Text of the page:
The American Civil Liberties Union of Oregon is stepping in to help defend a Latina woman charged with providing false information to TriMet officers during a fare inspection stop, calling it a “troubling case of profiling.”

Ana del Rocío, whose legal name is Rosa Valderrama, was arrested by transit police in Multnomah County on March 13 after allegedly refusing to provide physical identification when she was stopped by TriMet officers.

Del Rocío told officers that her name was Ana del Rocío. TriMet says del Rocío refused to provide physical identification despite being told she would be arrested if she did not.

Del Rocío told the Portland Mercury that she has gone by Ana since childhood, adding it’s common for Latinos to go by a name that differs from their legal name. She said she didn’t feel safe to give officers more than her name and date of birth.

A TriMet MAX train glides past Pioneer Courthouse in downtown Portland.

A TriMet MAX train glides past Pioneer Courthouse in downtown Portland.

Bradley W. Parks/OPB

Now, the ACLU in conjunction with the attorneys of law firm Levi Merrithew Horst will defend del Rocío in the case, saying it has implications for civil and constitutional liberties.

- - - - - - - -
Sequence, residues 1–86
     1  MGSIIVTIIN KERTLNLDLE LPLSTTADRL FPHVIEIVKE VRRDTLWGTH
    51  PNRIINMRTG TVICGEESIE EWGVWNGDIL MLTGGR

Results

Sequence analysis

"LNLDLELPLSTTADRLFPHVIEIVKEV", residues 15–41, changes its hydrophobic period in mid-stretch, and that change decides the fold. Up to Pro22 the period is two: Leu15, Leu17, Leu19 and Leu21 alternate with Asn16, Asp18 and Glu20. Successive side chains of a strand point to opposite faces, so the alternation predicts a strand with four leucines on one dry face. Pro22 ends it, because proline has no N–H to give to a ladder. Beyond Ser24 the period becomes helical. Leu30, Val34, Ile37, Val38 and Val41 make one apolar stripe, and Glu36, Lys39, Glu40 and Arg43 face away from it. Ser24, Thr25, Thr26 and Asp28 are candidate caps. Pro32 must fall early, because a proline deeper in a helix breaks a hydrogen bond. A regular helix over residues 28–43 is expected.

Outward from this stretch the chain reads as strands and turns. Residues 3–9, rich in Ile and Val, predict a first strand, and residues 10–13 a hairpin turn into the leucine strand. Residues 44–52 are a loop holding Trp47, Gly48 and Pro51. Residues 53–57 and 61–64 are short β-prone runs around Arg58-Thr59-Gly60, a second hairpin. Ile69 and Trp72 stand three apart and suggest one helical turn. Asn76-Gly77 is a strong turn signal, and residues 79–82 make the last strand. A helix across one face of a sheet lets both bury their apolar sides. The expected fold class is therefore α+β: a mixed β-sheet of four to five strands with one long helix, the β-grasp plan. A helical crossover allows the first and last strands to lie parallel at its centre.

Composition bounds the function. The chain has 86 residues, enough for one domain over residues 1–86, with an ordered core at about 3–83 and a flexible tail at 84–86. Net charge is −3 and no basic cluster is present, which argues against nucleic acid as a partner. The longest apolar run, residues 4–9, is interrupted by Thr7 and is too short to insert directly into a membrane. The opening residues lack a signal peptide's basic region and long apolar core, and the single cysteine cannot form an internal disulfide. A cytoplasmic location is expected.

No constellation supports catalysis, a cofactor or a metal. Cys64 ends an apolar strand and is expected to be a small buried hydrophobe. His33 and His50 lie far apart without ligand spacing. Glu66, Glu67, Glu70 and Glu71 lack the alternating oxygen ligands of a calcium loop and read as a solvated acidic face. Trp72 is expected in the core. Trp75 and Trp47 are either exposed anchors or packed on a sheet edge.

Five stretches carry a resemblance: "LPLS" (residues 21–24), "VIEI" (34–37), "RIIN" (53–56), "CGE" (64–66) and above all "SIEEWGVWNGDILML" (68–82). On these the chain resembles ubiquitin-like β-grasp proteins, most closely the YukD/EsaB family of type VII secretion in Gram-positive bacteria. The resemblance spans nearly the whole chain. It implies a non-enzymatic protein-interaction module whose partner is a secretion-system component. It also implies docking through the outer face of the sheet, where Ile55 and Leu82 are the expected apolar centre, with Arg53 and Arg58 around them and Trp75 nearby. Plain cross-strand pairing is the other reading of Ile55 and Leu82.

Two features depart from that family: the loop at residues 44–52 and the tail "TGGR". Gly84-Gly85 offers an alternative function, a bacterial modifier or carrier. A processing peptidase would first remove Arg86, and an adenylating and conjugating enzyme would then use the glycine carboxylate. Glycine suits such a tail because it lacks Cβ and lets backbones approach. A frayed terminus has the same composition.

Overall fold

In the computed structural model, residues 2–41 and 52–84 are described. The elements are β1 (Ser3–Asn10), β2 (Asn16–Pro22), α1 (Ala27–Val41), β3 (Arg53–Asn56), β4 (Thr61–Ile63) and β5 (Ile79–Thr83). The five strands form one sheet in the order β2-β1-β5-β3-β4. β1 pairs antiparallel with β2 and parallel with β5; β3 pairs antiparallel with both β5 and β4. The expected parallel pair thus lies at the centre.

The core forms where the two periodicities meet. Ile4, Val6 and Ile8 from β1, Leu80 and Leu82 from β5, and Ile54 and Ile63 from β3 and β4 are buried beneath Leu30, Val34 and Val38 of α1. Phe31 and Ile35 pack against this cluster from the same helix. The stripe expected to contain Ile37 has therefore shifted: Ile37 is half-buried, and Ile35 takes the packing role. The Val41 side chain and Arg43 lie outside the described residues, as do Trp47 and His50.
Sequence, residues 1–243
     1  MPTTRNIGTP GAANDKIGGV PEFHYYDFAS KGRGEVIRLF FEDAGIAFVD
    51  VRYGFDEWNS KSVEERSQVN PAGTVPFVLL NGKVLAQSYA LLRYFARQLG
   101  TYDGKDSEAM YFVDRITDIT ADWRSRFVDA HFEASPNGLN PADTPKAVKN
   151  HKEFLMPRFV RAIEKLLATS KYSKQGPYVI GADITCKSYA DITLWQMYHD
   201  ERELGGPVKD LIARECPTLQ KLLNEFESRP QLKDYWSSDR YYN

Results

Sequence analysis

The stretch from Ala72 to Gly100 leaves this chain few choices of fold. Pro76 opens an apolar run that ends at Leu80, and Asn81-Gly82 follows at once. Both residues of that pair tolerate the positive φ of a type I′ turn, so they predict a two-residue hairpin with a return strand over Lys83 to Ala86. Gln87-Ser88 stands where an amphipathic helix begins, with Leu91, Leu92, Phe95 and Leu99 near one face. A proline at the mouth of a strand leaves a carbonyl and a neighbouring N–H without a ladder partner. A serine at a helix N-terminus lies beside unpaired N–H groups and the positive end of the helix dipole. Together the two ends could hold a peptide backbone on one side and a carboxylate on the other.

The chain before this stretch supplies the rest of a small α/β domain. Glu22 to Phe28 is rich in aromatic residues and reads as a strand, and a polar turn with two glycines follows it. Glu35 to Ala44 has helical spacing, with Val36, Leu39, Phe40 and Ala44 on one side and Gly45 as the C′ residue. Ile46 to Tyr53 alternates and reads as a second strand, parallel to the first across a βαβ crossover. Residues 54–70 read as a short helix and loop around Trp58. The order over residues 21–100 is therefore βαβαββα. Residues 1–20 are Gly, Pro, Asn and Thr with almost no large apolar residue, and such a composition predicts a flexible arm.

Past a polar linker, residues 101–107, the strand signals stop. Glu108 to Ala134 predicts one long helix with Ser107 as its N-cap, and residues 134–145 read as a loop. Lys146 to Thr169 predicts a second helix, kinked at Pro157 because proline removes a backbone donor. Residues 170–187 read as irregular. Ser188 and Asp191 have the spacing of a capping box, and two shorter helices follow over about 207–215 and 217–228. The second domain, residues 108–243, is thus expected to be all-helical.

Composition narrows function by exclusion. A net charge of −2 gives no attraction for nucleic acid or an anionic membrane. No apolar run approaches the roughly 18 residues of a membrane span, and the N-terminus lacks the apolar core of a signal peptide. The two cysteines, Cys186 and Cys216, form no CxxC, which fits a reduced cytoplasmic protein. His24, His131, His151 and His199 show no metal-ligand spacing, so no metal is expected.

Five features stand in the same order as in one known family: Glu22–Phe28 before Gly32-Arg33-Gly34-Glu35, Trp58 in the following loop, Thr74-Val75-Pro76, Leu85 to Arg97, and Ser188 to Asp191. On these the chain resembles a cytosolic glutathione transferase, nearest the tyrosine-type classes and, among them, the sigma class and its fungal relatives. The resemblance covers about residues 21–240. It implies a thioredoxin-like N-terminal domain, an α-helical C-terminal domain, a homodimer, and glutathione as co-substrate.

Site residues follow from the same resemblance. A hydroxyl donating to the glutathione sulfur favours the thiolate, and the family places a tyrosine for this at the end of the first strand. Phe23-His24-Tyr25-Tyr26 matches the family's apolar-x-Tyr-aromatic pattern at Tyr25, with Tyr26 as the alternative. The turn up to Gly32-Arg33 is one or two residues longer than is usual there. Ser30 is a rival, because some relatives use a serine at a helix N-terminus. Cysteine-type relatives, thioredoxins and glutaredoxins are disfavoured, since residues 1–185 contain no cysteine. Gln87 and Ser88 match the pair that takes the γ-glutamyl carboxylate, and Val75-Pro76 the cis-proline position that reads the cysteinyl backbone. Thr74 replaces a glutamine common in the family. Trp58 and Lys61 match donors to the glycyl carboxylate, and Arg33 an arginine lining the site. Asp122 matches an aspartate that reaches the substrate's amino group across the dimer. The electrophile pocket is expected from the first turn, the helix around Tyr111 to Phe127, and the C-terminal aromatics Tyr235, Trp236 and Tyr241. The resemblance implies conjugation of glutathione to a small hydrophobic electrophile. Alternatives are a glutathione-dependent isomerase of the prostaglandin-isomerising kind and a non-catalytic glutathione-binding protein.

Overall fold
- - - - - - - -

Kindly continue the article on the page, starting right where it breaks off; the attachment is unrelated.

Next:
“This doesn’t just impact Ana and the Latinx community,” said Mat dos Santos, legal director for the ACLU of Oregon. “It impacts trans people who may be using a name other than their legal name, so telling officers what your name can be used to criminalize you. All those issues will be at play.”

The case will be prosecuted by the Marion County District Attorney in Multnomah County due to an uncited conflict of interest with the Multnomah County DA’s office.

Dos Santos says TriMet disproportionately targets low-income and marginalized communities.

“I think the bottom line for this is that this prosecution is a huge waste of money,” dos Santos said. “It’s not about justice or community safety in any way; it’s about TriMet and the DA profiling a woman of color.”

TriMet’s independent review found no systemic racial bias in the agency’s current fare enforcement operations, though community outreach efforts found unwanted consequences when citations go into the court system.